Apologize, Apologize, Do Not Feel Free to Avert Your Eyes

Recently, Bishop Desmond Tutu of South Africa said it would be
"wonderful if [Mr. Obama] would apologize for the U.S.-led invasion of
Iraq on behalf of the American people."

Such an act would submit our nation to the power of forgiveness, which
is what Nelson Mandela did when he became president of South Africa.

Recently, Bishop Desmond Tutu of South Africa said it would be
"wonderful if [Mr. Obama] would apologize for the U.S.-led invasion of
Iraq on behalf of the American people."

Such an act would submit our nation to the power of forgiveness, which
is what Nelson Mandela did when he became president of South Africa.

Forgiveness may seem too simplistic and naive to do much good, however,
clinical psychologist Pumla Gobodo-Madikizela of South Africa has
studied how forgiveness helped her nation heal both victims and
perpetrators from the ghastly crimes of apartheid.

When individuals forgive each other, she said, a "transcendence of the
heart begins with a recognition that gross human rights violations were
committed." This is done by telling--and listening--to stories about
what happened to individuals in a particular incident.

An "empathetic repair" takes place where both perpetrator and victim
are able to encounter each other's humanity because each person has
exposed him or herself "to the naked face of evil" that is within
him/her.

What is most interesting in this dynamic is that through forgiveness,
the perpetrator has a vehicle for expressing remorse and suddenly finds
he has an opening to his conscience that he silenced long ago in order
to do evil deeds. In effect, he dehumanized himself while trying to
dehumanize another! By asking forgiveness, he re-engages himself with
those he wronged and thus "re-captures" his lost humanity.

Gobodo-Madikizela illustrated how this worked in an American setting.
Kim Phuc, now an international speaker and an ambassador for UNESCO,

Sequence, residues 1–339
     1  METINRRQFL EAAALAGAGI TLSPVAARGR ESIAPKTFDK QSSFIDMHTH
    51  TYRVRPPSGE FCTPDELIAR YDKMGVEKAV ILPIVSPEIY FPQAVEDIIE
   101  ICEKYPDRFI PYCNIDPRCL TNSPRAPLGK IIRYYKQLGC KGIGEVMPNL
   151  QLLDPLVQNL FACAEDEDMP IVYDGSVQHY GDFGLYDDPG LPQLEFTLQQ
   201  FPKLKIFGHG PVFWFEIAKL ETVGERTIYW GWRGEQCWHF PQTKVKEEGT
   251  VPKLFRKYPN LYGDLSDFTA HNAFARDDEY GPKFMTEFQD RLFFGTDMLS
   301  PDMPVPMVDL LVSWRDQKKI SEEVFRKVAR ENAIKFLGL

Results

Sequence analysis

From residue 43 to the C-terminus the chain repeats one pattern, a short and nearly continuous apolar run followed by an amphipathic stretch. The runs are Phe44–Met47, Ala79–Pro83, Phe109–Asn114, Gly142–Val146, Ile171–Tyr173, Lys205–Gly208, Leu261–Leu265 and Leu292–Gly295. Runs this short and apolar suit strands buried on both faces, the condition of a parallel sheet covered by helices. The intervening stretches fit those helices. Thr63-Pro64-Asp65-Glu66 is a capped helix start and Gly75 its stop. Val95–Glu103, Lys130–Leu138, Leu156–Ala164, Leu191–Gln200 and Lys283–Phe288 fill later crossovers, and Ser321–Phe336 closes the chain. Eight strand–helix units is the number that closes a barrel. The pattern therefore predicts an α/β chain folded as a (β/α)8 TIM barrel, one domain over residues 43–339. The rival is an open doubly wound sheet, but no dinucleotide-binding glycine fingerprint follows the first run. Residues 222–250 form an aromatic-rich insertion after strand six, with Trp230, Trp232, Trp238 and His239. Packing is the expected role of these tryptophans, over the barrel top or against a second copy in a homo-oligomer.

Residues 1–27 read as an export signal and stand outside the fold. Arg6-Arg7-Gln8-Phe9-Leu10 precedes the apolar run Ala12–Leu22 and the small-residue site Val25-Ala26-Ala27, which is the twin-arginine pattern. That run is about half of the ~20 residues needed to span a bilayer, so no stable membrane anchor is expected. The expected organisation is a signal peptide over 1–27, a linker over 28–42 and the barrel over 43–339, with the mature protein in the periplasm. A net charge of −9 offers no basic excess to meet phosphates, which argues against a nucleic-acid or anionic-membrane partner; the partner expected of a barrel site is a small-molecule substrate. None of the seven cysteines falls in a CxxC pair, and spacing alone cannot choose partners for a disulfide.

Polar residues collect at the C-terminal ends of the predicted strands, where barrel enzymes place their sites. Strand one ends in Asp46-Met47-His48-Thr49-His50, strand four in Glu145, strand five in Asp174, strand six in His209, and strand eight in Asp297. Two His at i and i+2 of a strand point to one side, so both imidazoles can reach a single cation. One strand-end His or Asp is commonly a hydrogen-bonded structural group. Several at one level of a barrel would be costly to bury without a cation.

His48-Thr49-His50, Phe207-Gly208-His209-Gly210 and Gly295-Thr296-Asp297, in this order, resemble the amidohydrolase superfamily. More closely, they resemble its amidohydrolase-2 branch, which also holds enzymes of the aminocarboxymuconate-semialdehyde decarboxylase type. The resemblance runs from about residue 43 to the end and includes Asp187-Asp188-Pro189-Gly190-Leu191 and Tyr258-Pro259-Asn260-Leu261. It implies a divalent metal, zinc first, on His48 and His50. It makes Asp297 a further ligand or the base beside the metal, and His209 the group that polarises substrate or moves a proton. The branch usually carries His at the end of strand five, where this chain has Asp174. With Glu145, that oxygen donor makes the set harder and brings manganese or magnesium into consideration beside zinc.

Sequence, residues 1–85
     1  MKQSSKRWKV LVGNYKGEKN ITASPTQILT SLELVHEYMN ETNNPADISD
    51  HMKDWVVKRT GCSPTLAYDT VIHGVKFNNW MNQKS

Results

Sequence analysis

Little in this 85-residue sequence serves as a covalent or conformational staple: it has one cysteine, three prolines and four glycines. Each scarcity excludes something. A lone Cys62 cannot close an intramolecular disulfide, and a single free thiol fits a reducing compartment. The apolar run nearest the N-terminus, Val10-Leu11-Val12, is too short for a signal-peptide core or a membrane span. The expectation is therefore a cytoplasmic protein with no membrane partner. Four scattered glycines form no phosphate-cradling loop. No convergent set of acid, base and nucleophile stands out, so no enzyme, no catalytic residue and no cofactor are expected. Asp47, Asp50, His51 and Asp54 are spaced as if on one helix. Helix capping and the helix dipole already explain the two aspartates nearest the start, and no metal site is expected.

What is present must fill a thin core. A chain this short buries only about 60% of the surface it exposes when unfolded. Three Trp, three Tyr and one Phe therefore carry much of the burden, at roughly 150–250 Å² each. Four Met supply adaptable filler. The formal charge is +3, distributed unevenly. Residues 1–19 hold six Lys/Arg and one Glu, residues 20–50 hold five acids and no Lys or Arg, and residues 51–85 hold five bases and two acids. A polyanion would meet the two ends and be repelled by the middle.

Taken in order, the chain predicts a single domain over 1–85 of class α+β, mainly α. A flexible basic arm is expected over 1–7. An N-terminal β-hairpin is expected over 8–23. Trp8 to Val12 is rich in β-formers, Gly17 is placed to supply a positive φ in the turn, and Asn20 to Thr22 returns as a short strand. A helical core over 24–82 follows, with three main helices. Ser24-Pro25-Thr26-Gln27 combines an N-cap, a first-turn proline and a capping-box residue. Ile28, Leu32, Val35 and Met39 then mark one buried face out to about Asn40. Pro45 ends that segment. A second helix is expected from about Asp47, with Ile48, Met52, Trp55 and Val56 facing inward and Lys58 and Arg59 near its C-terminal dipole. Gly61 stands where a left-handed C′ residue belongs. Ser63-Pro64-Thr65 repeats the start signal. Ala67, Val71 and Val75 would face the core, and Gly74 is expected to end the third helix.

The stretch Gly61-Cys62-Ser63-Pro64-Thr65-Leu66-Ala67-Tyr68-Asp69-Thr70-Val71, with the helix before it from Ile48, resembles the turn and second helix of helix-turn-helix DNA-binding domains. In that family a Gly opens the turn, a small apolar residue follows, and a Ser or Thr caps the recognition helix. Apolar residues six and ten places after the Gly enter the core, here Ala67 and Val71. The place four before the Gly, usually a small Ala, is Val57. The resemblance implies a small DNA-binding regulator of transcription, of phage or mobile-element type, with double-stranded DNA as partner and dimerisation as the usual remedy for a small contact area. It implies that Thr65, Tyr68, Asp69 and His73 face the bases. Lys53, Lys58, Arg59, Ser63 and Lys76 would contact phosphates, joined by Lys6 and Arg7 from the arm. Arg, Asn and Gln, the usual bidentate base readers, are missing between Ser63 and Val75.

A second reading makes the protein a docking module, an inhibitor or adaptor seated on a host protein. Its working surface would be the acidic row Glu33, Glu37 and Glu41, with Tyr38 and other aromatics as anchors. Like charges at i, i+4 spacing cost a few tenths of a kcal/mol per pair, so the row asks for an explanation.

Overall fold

was the naked Vietnamese girl running down a road screaming from the
napalm burning through her skin, as depicted in the 1972 Pulitzer
Prize-winning photo.

One day Kim spoke to a group of U.S. veterans and recalled the napalm
incident. She admitted that while "we can't change history, we can work
together to change the future." She added that someday she hoped to
meet the man who dropped the napalm.

Soon after her speech she received a note that said: "I am that man."
The man came forward and the two of them embraced with her sobbing: "I
forgive. I forgive. I forgive."

Gobodo-Madikizela noted that this encounter was "a gesture of so much
grace" and a "turning point of transformation." Here was a woman
reaching out to the man who had done an evil deed against her--and he
responded. And "there was no training involved, no 12-step program."

Gobodo-Madikizela is quick to point out that forgiveness does not mean
that the evil done is forgotten. Instead, she said that "the spirits of
vengeance must be transcended." In this way, a "moral humanity" sets in
where care, compassion and empathy free both victim and perpetrator
from the past and open them to healing.

"This is the beginning of hope," she said.

While we can't realistically expect President Obama to apologize to
Iraq, Americans everywhere can ask the people of Iraq forgiveness
through various acts of kindness and outreach. For example, we can
adopt various cities in Iraq as sister cities. We can devise programs
to connect with Iraqis. We can support our Iraq and Afghanistan
veterans in their own healing process for the violence they may have
committed. We can hold public forums, demonstrations, educational
programs to understand how and why our government encourages militarism.

Maybe, just maybe, with all our small efforts compounded, we could
start a movement that would compel President Obama to apologize for
Iraq and help our nation recoup its moral authority before the world.

The times are calling us to create a new era where citizens take the
initiative to do what our government can't do. Through forgiveness, we
not only begin the healing in ourselves but we cut a new path for our
democracy--together.